A Holly, Jolly Hanukah
by Magin LaSov Gregg
photos by Erick Gibson Aton mebel
I never thought I’d decorate a Christmas tree. I’m a Jew who grew up celebrating Hanukah. Until the age of 10, I didn’t know a creche from a crucifix. Yet, last November, I impulsepurchased a 9-foot plastic evergreen from Costco, then bedecked our $300 tannenbaum with twinkly-eyed elves. “No one can match the zeal of a convert,” said my husband, Carl, as I maneuvered a crocheted angel to a lofty branch.
He was one to talk. This is a man who on Friday nights carries Shabbat candlesticks to our dining room table and reminds me to sing the Hebrew blessings. If, God forbid, I fail to make French toast out of our leftover challah, he doesn’t let me forget it. I suppose I should mention here that Carl was a Baptist minister for the first five years of our marriage. He now serves a Unitarian Universalist congregation.
How we fell in love remains a mystery, given that Carl grew up in the South Carolina midlands, where his Southern Baptist Sunday school teachers instructed him in the moral superiority of Christians to all other people. I, on the other hand, was raised in the Baltimore suburbs by my Jewish mother. Twice a week she sent me to Hebrew school, where I rose to the ranks of my Temple youth group’s vice president. True to cultural cliché, I grew up believing I’d marry a doctor, lawyer, or accountant –– all Jewish, it went without saying.
The cosmos had other plans.
When I was 21 my mother died. One night she went to sleep. The next morning, she didn’t awaken. I lost the parent who’d raised me, the one who loved me absolutely. Her death meant a lot of things. It meant no one cared if it was my birthday or if I needed a ride home from the airport. It meant nothing happened for a reason. It meant I was free to create the life I wanted. Not the one I’d been told all my life I should want.
Around the time of my grief-fueled, existential crisis, Carl had an awakening of his own. He studied religion and philosophy in college, where his childhood beliefs unraveled against a world full of compassionate people who hadn’t accepted Jesus Christ as their Lord and personal savior. By the time he met me, after he’d graduated from seminary and taken his first pulpit, he viewed my Judaism as a “plus.” Never did Carl ask me to convert. Never did I volunteer.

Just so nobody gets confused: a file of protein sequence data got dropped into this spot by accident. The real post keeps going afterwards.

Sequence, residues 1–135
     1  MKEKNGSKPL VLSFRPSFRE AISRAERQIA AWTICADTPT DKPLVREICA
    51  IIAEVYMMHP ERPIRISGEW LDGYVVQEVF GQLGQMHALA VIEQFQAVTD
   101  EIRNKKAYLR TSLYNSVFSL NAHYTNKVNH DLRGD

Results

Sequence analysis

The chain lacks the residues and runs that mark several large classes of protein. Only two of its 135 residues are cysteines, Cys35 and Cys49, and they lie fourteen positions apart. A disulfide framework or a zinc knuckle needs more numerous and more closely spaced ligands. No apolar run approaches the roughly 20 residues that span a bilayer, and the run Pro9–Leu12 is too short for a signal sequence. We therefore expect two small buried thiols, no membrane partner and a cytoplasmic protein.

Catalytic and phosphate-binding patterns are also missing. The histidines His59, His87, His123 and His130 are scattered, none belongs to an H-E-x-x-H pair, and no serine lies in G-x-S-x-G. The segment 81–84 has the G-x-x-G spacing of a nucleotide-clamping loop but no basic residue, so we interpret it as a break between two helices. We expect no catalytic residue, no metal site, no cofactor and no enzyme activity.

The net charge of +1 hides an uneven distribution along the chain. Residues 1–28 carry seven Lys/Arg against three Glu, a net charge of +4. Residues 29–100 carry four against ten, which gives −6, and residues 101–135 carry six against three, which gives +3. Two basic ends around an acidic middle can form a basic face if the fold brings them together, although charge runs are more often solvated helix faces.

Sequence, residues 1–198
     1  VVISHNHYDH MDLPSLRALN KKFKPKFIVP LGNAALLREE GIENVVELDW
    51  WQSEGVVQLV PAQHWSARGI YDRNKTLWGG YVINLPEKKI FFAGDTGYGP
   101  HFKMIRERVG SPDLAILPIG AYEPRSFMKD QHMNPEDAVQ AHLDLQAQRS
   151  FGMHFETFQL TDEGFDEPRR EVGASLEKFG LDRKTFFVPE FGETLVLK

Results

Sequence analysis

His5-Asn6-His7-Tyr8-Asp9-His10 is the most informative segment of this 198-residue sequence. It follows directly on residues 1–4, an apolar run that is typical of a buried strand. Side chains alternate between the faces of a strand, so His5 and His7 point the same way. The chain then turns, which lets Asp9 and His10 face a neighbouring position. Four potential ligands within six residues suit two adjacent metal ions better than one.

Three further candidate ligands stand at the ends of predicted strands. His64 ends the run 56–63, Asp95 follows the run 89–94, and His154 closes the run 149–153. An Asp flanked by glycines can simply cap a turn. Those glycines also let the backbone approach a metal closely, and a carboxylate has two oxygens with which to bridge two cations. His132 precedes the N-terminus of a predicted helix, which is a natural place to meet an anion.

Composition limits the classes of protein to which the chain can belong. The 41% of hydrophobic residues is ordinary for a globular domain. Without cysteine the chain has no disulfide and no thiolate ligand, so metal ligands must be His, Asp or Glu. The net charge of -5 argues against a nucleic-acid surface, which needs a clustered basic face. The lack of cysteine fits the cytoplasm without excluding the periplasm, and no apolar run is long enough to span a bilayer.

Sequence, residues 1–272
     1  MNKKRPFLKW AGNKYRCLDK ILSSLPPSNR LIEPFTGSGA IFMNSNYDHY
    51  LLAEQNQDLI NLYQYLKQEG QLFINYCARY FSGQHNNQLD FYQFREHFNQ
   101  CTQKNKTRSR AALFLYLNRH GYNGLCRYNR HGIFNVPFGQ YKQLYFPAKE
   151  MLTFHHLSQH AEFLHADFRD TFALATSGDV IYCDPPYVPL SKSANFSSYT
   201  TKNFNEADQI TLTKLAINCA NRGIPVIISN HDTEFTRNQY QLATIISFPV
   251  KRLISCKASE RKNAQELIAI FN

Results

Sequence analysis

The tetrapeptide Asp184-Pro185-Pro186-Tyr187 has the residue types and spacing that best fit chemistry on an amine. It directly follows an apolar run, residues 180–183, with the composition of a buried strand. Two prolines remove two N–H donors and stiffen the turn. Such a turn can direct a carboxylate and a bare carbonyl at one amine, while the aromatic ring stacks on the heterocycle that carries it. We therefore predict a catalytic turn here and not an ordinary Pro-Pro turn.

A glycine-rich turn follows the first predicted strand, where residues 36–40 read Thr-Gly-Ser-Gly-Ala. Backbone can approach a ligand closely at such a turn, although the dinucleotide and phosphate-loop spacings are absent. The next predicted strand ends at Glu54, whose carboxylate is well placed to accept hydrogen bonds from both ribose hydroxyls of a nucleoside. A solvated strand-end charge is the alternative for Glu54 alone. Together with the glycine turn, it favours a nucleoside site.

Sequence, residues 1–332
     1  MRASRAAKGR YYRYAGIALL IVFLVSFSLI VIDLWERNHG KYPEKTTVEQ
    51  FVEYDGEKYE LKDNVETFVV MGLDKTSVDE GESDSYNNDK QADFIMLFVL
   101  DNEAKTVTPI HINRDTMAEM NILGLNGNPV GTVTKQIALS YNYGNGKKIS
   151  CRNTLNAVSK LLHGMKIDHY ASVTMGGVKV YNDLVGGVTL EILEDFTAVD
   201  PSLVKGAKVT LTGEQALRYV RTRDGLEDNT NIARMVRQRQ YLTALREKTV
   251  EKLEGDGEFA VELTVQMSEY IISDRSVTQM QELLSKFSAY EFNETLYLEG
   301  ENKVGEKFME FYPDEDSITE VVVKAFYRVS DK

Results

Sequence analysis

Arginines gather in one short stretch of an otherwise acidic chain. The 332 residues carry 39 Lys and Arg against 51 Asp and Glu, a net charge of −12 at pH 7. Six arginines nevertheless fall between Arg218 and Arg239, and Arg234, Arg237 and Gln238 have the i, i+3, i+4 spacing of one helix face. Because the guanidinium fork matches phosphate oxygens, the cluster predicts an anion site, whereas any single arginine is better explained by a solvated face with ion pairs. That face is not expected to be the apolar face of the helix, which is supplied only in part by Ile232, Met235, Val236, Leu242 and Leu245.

People assume our home must be full of religious strife, especially holiday drama. Don’t get me wrong. Our home is not without its turmoil. If you asked my dear husband for two adjectives to describe me, he’d start with “neurotic.” But we don’t fight about religion. Neither of us presumes to hold a monopoly on truth, and we respect each other’s individual searches for identity and meaning.
Thanks to the holy-roller stereotypes of television and film, our relationship was more complicated in its early years. My friends and family envisioned my new boyfriend as a Bible-thumping Jerry Falwell type, complete with potbelly and televangelist hair. When Carl proposed and agreed to raise our hypothetical children as Jews, no one knew what to make of us.
So far, so good. Amen.
Because we celebrate more holidays than the average one-faith family, we’ve found an unexpected benefit of our multi-faith home: We have more candles to light, more reasons to eat decadent food, more presents to open. This is not to say we support gluttony or greed; but, during the dark cold days of December we’ll take any opportunity to bring more glitz into our lives and to remember that hope flickers eternal.
We needed all the hope we could get when I decorated our Christmas tree last year. Carl’s mother had begun chemotherapy for breast cancer, and I missed my own mother like hell. In the face of these grim truths, we sat on the couch, hands entwined, and watched our tree shine its light to the street. Neither of us have all the answers on God or an afterlife or why horrible things happen to wonderful people.
But we both believe that love must have something to do with it all.